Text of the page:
Mên-an-Tol

From Wikipedia, the free encyclopedia
Jump to: navigation, search
Mên-an-Tol
Menantol5.jpg
Mên-an-Tol in 2006
Mên-an-Tol is located in Cornwall
Mên-an-Tol
Shown within Cornwall
Location Cornwall
Coordinates 50°09′31″N 5°36′16″W / 50.158605°N 5.604441°W / 50.158605; -5.604441
Type Standing stones
History
Periods Neolithic / Bronze Age

The Mên-an-Tol (also Men an Toll) is a small formation of standing stones in Cornwall, United Kingdom (grid reference SW426349). It is about three miles northwest of Madron. It is also known locally as the "Crick Stone".

Location[edit]

The Mên-an-Tol stands near the Madron to Morvah road in Cornwall. Other antiquities in the vicinity include the Mên Scryfa inscribed stone about 300 metres to the north, and the Boskednan stone circle less than 1 kilometre to the northeast.

Etymology[edit]

The name Mên-an-Tol in the Cornish Language literally means "the hole stone".

Description[edit]

The Mên-an-Tol consists of three upright granite stones: a round stone with its middle holed out with two standing stones to each side, in front of and behind the hole. When seen at an angle from one side, the stones form a three-dimensional "101".

The two side stones are both about 1.2 metres high. The westernmost stone was moved and brought into a straight line with the other two stones sometime after 1815.[1] The holed stone is roughly octagonal in outline. It is 1.3 metres wide and 1.1 metres high; the circular hole is 0.5 m in diameter.[1] The only other holed stone in Cornwall of this type is the Tolven Holed Stone which can seen in a garden near Helston.

There is one other standing stone nearby, and six recumbent stones, some of which are buried.[1] A cairn exists as a low stony mound just to the southeast. There are two other early Bronze Age barrows or cairns between 120 and 150 metres to the north.[1]

Interpretation[edit]

The Mên-an-Tol is thought to date to either the late Neolithic or early Bronze Age. The holed stone could originally have been a natural occurrence rather than deliberately sculpted.[1]

The distribution of the stones around the site has led to the suggestion that the monument is actually part of a stone circle.[1] If so, then it is likely that the stones have been rearranged at some point, and the two standing stones either side of the holed stone may have been moved from their original positions.[1] It has also been suggested that the holed stone could have been a capstone for the nearby cairn before being moved to its present position.[1]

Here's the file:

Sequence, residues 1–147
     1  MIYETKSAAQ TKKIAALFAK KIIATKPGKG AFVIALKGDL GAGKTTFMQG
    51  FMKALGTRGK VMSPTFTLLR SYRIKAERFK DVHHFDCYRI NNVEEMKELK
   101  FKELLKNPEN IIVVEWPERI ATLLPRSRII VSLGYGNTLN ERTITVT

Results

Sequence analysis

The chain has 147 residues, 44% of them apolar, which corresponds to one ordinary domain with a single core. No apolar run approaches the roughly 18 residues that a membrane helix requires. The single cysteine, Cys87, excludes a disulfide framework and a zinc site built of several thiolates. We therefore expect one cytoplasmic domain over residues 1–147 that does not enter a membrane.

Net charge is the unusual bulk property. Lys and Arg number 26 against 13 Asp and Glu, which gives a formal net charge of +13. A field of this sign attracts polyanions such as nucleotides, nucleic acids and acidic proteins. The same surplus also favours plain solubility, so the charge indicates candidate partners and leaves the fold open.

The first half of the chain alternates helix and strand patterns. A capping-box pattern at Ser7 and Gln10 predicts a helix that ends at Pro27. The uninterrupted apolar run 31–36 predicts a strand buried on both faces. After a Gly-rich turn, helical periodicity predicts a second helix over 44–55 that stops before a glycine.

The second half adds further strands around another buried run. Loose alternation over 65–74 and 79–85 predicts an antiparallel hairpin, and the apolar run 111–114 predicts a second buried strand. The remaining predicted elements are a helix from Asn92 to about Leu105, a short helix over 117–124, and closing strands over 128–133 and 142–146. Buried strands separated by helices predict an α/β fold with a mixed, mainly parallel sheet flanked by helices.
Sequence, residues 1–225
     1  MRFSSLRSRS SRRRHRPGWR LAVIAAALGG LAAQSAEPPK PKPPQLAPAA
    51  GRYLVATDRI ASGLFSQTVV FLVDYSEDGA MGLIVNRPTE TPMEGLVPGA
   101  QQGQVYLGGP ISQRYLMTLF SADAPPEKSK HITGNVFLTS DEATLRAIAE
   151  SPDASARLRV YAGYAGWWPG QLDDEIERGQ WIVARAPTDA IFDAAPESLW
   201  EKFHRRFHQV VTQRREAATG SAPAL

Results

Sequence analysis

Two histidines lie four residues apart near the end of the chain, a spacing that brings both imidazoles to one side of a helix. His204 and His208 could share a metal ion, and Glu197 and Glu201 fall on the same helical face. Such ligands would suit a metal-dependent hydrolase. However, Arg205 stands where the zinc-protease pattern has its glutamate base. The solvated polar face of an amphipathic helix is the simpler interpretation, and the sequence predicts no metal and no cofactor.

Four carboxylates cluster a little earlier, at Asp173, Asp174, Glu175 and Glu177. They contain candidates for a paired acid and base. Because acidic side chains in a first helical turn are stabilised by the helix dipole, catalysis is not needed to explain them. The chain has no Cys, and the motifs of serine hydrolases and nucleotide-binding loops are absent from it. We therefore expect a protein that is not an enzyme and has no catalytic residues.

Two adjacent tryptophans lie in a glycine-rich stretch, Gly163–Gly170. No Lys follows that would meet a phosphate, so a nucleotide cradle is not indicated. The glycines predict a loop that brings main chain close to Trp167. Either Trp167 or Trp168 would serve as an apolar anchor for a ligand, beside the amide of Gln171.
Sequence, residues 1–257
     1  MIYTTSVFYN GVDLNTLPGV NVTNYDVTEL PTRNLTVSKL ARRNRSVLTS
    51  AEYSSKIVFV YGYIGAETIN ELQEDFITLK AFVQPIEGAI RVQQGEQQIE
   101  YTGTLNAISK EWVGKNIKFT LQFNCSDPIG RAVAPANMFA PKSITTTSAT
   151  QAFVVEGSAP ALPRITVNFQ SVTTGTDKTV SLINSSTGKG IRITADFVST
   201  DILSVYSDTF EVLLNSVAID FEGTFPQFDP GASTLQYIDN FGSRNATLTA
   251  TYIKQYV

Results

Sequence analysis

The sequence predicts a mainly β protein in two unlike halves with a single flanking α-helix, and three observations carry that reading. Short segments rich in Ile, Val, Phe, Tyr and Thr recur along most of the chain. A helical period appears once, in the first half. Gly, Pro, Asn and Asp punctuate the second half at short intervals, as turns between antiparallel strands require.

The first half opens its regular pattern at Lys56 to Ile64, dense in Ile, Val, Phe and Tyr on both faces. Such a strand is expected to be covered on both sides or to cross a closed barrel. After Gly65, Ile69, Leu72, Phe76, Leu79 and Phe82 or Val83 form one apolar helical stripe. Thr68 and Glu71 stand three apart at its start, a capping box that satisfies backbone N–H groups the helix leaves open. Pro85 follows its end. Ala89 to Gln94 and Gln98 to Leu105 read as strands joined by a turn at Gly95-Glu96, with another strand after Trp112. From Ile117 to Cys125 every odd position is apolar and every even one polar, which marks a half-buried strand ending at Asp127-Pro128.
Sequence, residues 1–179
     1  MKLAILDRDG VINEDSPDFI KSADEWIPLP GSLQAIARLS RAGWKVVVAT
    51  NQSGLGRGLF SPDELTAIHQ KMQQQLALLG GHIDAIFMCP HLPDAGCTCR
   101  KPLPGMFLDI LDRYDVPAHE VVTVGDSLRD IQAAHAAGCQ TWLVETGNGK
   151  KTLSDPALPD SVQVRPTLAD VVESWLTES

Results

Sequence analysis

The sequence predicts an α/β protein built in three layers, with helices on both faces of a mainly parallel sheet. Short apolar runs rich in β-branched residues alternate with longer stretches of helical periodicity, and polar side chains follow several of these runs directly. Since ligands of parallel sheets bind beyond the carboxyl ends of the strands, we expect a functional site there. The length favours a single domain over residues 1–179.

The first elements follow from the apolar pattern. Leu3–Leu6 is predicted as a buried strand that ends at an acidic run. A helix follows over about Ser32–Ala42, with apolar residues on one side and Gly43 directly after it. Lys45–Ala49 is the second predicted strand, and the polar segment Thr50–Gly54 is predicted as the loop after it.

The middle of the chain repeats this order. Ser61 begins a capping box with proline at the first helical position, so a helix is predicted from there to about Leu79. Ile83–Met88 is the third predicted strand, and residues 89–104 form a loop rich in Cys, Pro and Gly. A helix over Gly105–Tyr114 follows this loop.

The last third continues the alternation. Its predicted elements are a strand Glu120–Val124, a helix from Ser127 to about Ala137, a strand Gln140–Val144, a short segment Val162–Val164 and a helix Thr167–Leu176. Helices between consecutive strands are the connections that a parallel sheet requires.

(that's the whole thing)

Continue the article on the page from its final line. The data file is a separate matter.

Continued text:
History[edit]

Drawing and plan by W. Borlase, 1769
Drawing by J. T. Blight, 1864

In 1749 the site was first archaeologically investigated by William Borlase, who also drew a plan. This shows that the megaliths were not in a line like today, but formed an angle of about 135°. Borlase also reported that farmers had taken away some stones from the area. From him comes the first written record of the myths and rituals.[2]

In the 19th Century the local antiquary John Thomas Blight published several drawings of the site, and made the first suggestion that the stones could be the remains of a stone circle.[3] In 1872 William Copeland Borlase, a descendant of the earlier Borlase, gave a more detailed description of the area.[4]

In 1932 Hugh O'Neill Hencken wrote the first modern archaeological report. He believed that the position of the stones was not the prehistoric arrangement, but had been significantly changed. He also thought that the holed stone might be part of a destroyed tomb. He was even told that local farmers with back or limb complaints would crawl through the hole to relieve their pain.[5]

In 1993, the Cornwall Historic Environment Service published a detailed report with the latest research results. They suggested that the standing stones originated from a stone circle which consisted of 18 to 20 stones. The holed stone, however, could be part of a nearby portal tomb. It also possible that the holed stone stood at the center of the stone circle and served to frame specific points on the horizon. Such a use of a holed stone is not known in other sites,[6] although the nearby stone circle of Boscawen-Un does have a central standing stone.

In folklore[edit]

A view through the Mên-an-Tol holed stone

Mên-an-Tol is supposed to have a fairy or piskie guardian who can make miraculous cures. In one story, a changeling baby was put through the stone in order for the mother to get the real child back. Evil piskies had changed her child, and the ancient stones were able to reverse their evil spell.[7]

Local legend claims that if at full moon a woman passes through the holed stone seven times backwards, she will soon become pregnant. Another legend is that passage through the stone will cure a child of rickets (osteomalacia). For centuries, children with rickets were passed naked through the hole in the middle stone nine times.

Popular culture[edit]

The song Men-An-Tol appears on the Zeitgeist album by The Levellers.

References[edit]

  1. ^ a b c d e f g h MEN AN TOL, Pastscape, retrieved 9 November 2013
  2. ^ William Borlase, (1769), Antiquities Historical and Monumental of the County of Cornwall, Bowyer and Nichols, London
  3. ^ John Thomas Blight, (1864), A week at the Land's End, 1861, Churches of West Cornwall
  4. ^ William Copeland Borlase, (1872), Naenia Cornubiae, Longmans
  5. ^ Hugh O'Neill Hencken, (1932), The Archaeology of Cornwall and Scilly, Metheun
  6. ^ Ann Preston-Jones, (1993), The Men-an-Tol. Management and Survey, Historic Environment Service, Cornwall County Council
  7. ^ Evans-Wentz, W. Y. (1911) The Fairy-Faith in Celtic Countries. London: H. Frowde (Reprinted 1981 by Colin Smythe. ISBN 0-901072-51-6) p. 179

External links[edit]

Coordinates: 50°09′31″N 5°36′16″W / 50.15855°N 5.60445°W / 50.15855; -5.60445